Songkhla Nakarin news

PSU research connection between COVID-19 pneumonia and tuberculosis published in a Lancet group journal

       Prince of Songkla University tuberculosis researcher found that patients with pneumonia caused by COVID-19 at higher risk of developing pulmonary tuberculosis than the general population. These findings were published in "eClinical Medicine", a medical journal under the globally-renowed Lancet group.


      Dr. Ponlagrit Kumwichar and Prof. Dr. Virasakdi Chongsuvivatwong of the Department of Epidemiology, Faculty of Medicine, Prince of Songkla University, extensively analyzed data from COVID-19 patients with symptoms of pneumonia, and found that their risk of tuberculosis was as high as seven times that of the general population. The investigators obtained COVID-19 patients data during 2021 from the National Health Security Office. During that, there was an outbreak of Alpha and Delta variants in seven provinces in southern Thailand. The U.S. National Institute of Health (NIH) provided funding to support the study.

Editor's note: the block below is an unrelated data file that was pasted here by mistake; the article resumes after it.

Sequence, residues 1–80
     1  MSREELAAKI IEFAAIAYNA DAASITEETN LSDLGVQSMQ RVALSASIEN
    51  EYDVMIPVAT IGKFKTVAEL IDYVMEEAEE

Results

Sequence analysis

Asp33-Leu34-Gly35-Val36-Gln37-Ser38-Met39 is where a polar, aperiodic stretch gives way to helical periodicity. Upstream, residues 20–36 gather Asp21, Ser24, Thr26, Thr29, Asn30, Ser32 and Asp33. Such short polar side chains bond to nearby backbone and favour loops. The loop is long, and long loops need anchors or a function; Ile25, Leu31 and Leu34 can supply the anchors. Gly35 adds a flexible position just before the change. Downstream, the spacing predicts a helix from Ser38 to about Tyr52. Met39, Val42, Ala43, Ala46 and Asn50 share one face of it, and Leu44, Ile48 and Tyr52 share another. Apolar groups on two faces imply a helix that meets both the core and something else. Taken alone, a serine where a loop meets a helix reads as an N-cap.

Dr. Ponlagrit explained that the research work involved collecting data on tuberculosis medicine intake from early January 2022 onward. The data showed that the majority of TB patients had also received in-patient treatment for COVID-19. Thailand is a country with high burden of tuberculosis. One-third of all Thais have asymptomatic tuberculosis but do not transmit to others, a condition known as “latent tuberculosis”. Therefore, it is plausible that COVID-19 immune response induces fatigue of the immune system, particularly in cases with pneumonia, which subsequently increase the risk of tuberculosis. Investigators subsequently collected data from both COVID-19 and tuberculosis registries and compared the number of new tuberculosis cases among COVID-19 patients with history of pneumonia vs. people with no recorded history of COVID-19 infection, and found that the risk of tuberculosis among those with history of COVID-19 pneumonia was seven times higher than among those without history of COVID-19.